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Former Gizmondo executive's mafia convictions revealed

Wed 26 Oct 2005 5:05pm GMT / 1:05pm EDT / 10:05am PDT

A senior executive at handheld console firm Gizmondo who resigned last week along with former boss Carl Freer had a number of convictions for involvement in a Swedish mafia group, as did two other Gizmondo staff.

A senior executive at handheld console firm Gizmondo who resigned last week along with former boss Carl Freer had a number of convictions for involvement in a Swedish mafia group, as did two other Gizmondo staff.

Stefan Eriksson was an executive officer of Gizmondo Europe, and earned over $3 million in salary and bonuses from the company (along with a generous $100,000 vehicle allowance) before his resignation on October 20th.

However, Swedish daily newspaper Aftonbladet has revealed that in two trials in 1993 and 1994, Eriksson was convicted of a number of mobster-related charges, including financial fraud related to counterfeit money and an attempted $3m scam on a financial institution, and sentenced to over ten years in prison.

Eriksson was at the time considered to be the brains behind an operation referred to in the media as the Uppsala Mafia after the large town in Sweden where the group operated, and where, interestingly, Gizmondo now operates its Swedish office.

Two other Gizmondo staff members - who are also believed to have resigned last week - also had convictions for their involvement in this group, including Johan Enander, described as the Uppsala Mafia's "Torpedo", who was a debt collector for the group and was convicted of blackmail and assault. He was latterly employed as Gizmondo's "head of security".

Eriksson's connections to Gizmondo don't stop at his own employment for the firm, however; he is also a co-owner of Northern Lights, a development company which was paid $3.5 million by Gizmondo for its assistance in developing software titles Chicane and Colours - titles which were officially developed by Indie Studios and Warthog.

The other co-owner of Northern Lights is Carl Freer, the Gizmondo Europe managing director who also resigned his position on October 20th (but like Eriksson, retains stock in the company), claiming that it's now past the start-up position where his entrepreneurial skills can be of use. Both he and Eriksson claim that they will now pursue new entrepreneurial ventures.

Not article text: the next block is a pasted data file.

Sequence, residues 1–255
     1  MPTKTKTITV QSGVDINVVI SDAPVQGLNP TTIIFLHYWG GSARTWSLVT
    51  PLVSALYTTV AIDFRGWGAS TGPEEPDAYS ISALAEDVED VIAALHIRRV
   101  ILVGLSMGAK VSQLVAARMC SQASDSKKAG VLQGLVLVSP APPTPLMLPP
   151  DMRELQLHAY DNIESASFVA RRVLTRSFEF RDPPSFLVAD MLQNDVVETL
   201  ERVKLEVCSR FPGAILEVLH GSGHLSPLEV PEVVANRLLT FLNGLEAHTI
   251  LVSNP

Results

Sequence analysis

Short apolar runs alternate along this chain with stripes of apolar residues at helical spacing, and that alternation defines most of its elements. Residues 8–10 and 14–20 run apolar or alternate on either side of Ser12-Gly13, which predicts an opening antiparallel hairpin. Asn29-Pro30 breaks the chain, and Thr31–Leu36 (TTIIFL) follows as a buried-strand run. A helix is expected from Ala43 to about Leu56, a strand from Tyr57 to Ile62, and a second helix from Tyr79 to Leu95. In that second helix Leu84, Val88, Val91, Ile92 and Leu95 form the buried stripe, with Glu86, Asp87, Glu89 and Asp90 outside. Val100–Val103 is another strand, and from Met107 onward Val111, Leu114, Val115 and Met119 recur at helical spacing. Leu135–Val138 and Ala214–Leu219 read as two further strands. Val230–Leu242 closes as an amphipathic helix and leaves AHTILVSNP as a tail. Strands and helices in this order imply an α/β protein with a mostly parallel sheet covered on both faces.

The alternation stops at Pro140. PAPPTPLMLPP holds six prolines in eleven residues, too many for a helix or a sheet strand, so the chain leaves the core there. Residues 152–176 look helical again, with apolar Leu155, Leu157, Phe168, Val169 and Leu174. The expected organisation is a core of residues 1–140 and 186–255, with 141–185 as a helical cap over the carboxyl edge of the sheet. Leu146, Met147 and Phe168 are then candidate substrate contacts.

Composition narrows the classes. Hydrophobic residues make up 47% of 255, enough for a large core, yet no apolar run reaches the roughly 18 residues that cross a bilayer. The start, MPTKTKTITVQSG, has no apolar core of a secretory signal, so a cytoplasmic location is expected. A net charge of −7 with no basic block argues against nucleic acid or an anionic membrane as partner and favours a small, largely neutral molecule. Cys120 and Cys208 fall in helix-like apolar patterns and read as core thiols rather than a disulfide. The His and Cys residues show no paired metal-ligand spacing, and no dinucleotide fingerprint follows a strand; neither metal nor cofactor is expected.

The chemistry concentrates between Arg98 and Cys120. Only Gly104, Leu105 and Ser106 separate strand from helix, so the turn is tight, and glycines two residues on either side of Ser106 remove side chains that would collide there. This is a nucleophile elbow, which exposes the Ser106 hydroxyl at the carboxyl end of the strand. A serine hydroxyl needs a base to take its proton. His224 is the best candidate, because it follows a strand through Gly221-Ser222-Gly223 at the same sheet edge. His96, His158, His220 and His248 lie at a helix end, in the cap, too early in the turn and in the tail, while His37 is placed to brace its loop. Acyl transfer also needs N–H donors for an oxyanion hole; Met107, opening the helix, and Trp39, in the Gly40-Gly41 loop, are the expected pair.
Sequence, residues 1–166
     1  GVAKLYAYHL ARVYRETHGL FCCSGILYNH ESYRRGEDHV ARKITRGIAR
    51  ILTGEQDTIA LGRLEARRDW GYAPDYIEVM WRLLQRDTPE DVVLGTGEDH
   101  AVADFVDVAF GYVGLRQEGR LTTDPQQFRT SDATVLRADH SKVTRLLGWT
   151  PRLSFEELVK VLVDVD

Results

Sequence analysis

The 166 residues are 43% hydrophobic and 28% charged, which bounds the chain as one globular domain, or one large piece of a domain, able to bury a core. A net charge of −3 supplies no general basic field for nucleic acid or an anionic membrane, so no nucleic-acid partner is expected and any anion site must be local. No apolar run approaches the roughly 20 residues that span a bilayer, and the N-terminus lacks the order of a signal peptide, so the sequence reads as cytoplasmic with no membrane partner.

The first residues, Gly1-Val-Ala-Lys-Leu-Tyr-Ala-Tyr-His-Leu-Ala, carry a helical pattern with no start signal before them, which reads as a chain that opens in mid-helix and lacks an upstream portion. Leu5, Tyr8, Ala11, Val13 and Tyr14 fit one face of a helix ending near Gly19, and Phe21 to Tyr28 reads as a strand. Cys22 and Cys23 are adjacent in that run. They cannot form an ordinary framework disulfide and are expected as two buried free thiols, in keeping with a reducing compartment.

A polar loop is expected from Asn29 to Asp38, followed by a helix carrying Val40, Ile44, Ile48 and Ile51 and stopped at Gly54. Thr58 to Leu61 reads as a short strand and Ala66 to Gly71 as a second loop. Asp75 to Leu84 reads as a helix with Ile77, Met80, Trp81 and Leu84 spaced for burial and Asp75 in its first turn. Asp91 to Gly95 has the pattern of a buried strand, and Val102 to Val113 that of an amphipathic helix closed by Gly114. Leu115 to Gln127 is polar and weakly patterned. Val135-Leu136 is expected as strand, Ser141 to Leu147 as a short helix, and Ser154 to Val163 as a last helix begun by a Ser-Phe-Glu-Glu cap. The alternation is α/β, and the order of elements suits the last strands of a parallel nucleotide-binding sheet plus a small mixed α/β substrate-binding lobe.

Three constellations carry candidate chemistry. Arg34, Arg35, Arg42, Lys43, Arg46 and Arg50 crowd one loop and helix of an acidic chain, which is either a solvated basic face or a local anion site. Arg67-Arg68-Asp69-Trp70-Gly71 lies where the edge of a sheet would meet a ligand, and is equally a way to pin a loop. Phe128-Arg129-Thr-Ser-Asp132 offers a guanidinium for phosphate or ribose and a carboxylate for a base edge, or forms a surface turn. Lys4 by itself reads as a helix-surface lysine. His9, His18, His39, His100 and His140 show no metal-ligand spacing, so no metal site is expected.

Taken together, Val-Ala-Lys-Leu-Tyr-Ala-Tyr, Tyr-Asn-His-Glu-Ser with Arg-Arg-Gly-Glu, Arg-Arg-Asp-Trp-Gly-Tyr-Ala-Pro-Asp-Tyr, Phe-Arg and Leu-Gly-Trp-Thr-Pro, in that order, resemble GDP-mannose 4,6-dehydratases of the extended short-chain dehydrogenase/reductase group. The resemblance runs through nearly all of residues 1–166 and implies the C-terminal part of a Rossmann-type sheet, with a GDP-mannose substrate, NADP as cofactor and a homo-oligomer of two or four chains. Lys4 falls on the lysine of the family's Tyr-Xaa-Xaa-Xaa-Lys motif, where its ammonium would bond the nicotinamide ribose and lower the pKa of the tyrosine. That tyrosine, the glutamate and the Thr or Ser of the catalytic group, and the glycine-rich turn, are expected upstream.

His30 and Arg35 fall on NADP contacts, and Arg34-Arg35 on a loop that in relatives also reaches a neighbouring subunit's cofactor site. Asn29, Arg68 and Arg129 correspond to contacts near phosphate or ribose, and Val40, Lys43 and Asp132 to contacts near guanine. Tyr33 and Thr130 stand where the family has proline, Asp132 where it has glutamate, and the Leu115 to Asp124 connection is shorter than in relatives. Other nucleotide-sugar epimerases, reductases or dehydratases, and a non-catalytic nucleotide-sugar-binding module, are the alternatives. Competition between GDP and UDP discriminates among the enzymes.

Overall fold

At the end of last month, Freer paid $3.5 million back to Gizmondo, stating that it was a temporary move to "avoid any appearance of impropriety"; however, the company's 10-K regulatory filing with the Securities and Exchange Commission suggests that over $21 million is owed by the company to Freer and Eriksson, on the basis that the executives loaned this cash to the firm on a short-term basis.

The day before Freer repaid the $3.5 million sum, the 10-K form reveals, the board of Gizmondo formed an independent committee to look into a number of transactions approved by Freer and Eriksson in which they may have had a personal interest.

In the wake of their departure, Michael Carrender - who is now CEO, CFO and chairman of the board of Gizmondo - told Aftonbladet that he was not aware of Eriksson's connections with the mafia, and claimed that an independent counsel will now be appointed to look into any possible irregularities in the company's transactions.

The Gizmondo console launched in the United States last weekend, to what the company claims was an "enthusiastic reception" from US consumers. Twelve shopping mall kiosks around the country are selling the console, along with the official website, and a further 38 kiosks are planned for the coming weeks.

Tiger Telematics, Gizmondo's parent company, plans to begin trading its stock on the NASDAQ exchange in the near future. The firm reported an loss of $99.29 million in the year leading up to the launch of the Gizmondo, and expects an operating loss of $210 million in the first six months of 2005.

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